In his essay Kâtib Çelebi tackles a variety of subjects, on which the fundamentalist Kadızadelis initiated controversy; subjects as diverse as the legitimacy of singing or dancing, of using drugs, tobacco or coffee, various beliefs such as what was the religion of Abraham or whether the Pharaoh died an infidel, and folk practices such as shaking hands or visiting saints’ tombs. In these chapters one may find scattered pieces of political or historical theory which reflect the author’s earlier works; for instance, a discussion of Khidr’s immortality contains almost verbatim the observations on the three stages of human life, as analyzed in Kâtib Çelebi’s political essays (MH 17-19; L33-34). The chapter on innovation (bid’at), touching a central argument in the Kadızadeli conflict, divides innovation into good and bad (bid’at-ı hasene, bid’at-ı seyyiye). The former includes what was unknown in the time of the Prophet, but “which the leaders of the Faith have subsequently allowed as filling a need (iktiza hasbıyle)”, such as “the building of minarets and the manufacture of books”. Kâtib Çelebi declares straight-forwardly that there is no point in trying to abolish innovations, even bad ones, once established in a community: “people will not abandon custom” (halk ‘adeti terk eylemez). What is necessary for the rulers is only to protect the order of the Muslim people and the principles of Islam among the community (hükkâma ehl-i İslam nizâmını himaye ve şera’it ve erkân-ı İslamı cumhur beyninde muhafaza lazımdır), but not to force people to comply. After all, “scarcely any of the sayings or doings of any age are untainted by innovation” (MH 74-76; L89-91). As for the other central tenet of the Kadızadelis, that of the obligation for “commanding right and forbidding wrong” (emr bi’l-ma’rûf ve nehy ‘an al-münker), Kâtib Çelebi states that “in matters obligatory or prohibited, it is obligatory[, while] in matters merely disapproved or recommended, it is recommended [but not obligatory]”. By laying down a number of rules that further define this duty and its prerequisites, he once again finds that violent interference to people’s lives and customs brings only dissent and strife (MH91-96; L106-109).
Among the subjects discussed is also bribery, a common locus in Ottoman political literature from the sixteenth century onwards (MH115-120; L124-127). Unlike his predecessors, Kâtib Çelebi focuses in bribery not as a means to get high offices, but as gifts given to judges or other officials to secure favourable verdicts (or, he adds, any other desideratum). However, he clearly considers “a judge obtain[ing] his appointment by giving a bribe” as forbidden for both sides, i.e. both the giver and the recipient, while a bribe given to secure one’s rights can be permissible under certain circumstances. Stressing the judge’s post, in these cases, seems to be relevant to the holiness of his office. Then, Kâtib Çelebi includes bribery to the usual customs that cannot be prohibited, as “there is no aversion from bribery at the present time”. So, he recommends a legal stratagem (the “oath of hire” or icare ‘akdı, i.e. a fictional hire of the recipient by the giver for one day) to legitimize bribes given in order to avert a harm or secure an advantage, unless this is given to a judge; after all, he observes, “that is how bribery is conducted nowadays in government departments in all matters except appointments to the office of judge”. After this quite unusual proposal, Kâtib Çelebi somehow hastens to add, of course, that rulers of the past were much more adamant in their maintaining the spirit of the law, since “there are many actions which can be dressed in the garb of legality but are not acceptable to the reason, because of the manifold corruptions lurking beneath”.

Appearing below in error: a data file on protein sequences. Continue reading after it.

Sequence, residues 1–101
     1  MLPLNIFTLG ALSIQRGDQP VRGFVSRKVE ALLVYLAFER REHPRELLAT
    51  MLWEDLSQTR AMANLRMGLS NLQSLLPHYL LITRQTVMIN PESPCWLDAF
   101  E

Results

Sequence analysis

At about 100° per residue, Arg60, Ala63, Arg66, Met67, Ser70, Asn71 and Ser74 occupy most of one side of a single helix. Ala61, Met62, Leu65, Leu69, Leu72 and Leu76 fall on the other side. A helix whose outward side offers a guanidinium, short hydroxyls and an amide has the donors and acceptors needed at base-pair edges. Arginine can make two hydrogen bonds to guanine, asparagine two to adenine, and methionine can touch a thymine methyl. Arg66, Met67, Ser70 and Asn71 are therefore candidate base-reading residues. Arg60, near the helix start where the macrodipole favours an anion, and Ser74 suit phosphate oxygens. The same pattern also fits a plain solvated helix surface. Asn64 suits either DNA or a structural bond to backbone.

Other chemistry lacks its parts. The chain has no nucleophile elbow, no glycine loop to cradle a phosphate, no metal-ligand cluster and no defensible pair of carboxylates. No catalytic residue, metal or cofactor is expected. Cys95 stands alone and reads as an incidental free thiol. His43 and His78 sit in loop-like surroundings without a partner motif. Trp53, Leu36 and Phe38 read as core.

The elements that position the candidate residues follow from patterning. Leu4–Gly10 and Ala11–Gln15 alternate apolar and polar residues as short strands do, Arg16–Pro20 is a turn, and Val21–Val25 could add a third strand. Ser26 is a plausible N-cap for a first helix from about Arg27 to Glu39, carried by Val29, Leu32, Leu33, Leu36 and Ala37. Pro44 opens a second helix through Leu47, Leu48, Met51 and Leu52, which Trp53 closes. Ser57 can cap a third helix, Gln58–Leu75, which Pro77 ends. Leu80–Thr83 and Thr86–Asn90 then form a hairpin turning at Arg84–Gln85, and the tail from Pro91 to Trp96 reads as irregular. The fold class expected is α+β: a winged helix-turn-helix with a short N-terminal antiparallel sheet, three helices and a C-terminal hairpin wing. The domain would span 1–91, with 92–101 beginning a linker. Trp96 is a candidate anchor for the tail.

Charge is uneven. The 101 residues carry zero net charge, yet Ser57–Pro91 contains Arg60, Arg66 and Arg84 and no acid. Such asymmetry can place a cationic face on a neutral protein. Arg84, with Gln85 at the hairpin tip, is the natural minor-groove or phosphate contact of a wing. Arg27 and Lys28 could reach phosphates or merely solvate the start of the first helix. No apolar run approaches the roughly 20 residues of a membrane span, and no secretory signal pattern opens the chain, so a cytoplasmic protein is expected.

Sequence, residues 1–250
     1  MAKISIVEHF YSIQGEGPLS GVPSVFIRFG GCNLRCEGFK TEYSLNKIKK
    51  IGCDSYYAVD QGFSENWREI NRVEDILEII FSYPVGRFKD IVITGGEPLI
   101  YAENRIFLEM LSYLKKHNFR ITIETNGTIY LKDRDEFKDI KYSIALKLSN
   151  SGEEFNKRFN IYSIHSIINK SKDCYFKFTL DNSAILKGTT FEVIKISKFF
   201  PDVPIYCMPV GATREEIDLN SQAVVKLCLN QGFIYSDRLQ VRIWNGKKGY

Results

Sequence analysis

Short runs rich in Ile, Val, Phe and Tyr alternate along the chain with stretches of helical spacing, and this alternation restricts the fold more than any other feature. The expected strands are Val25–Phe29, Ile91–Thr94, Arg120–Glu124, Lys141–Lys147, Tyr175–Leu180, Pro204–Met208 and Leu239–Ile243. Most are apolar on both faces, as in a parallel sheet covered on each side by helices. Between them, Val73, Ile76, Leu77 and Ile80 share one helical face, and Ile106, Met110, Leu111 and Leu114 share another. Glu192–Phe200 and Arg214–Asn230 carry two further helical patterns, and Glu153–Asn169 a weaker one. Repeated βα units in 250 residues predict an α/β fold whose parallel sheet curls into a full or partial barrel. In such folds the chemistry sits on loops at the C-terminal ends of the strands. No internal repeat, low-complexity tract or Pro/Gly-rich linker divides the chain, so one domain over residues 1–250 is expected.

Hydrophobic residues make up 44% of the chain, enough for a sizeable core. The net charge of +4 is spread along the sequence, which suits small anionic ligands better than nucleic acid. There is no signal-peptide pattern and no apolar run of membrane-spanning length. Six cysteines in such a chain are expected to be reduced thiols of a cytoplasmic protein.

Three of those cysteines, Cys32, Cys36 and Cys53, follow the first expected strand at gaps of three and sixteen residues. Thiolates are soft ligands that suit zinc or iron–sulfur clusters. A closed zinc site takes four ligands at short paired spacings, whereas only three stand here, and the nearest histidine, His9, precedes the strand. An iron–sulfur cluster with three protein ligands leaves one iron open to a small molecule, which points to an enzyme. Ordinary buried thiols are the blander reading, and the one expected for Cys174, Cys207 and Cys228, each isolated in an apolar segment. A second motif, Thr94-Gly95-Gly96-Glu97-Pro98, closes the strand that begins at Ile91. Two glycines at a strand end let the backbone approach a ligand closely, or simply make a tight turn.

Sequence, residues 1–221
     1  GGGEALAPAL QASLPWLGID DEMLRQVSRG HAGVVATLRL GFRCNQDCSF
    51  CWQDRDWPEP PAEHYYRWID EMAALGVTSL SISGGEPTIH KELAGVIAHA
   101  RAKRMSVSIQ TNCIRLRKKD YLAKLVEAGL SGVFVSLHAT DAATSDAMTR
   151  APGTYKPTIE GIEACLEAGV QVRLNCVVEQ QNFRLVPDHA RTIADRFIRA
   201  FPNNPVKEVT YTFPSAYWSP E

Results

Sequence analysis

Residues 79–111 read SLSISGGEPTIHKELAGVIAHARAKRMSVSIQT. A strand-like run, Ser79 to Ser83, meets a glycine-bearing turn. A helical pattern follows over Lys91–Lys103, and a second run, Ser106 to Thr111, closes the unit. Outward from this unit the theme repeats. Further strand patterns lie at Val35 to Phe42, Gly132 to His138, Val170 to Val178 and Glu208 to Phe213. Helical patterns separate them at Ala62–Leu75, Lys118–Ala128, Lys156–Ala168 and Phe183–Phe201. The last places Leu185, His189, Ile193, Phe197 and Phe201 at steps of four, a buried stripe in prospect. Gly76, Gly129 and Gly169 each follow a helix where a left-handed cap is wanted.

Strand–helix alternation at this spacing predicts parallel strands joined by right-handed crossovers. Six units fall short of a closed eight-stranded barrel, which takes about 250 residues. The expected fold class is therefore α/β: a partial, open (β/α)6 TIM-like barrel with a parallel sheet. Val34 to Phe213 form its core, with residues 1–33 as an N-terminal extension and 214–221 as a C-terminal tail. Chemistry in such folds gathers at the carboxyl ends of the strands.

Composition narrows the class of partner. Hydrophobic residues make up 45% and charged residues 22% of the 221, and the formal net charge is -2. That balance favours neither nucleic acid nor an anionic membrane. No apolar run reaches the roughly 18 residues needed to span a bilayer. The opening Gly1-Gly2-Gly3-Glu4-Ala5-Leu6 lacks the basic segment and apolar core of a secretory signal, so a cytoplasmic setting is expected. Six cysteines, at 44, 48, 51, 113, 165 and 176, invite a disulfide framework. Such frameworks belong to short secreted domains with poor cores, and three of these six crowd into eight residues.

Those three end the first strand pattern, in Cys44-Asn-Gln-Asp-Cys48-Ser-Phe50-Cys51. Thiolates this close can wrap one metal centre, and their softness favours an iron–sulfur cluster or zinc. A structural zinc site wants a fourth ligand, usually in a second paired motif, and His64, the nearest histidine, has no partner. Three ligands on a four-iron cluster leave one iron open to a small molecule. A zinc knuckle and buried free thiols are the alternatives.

Lewis’ translation is fuller than the 1888 edition, which omits e.g. chapter 8 and jumps from chapter 7 to chapter 9 of the text. Lewis collated this edition with British Museum Add. 7904 (see Lewis, The Balance of Truth, 13).
 See M. Cook, Commanding Right and Forbidding Wrong in Islamic Thought (Cambridge 2000), esp. 316ff.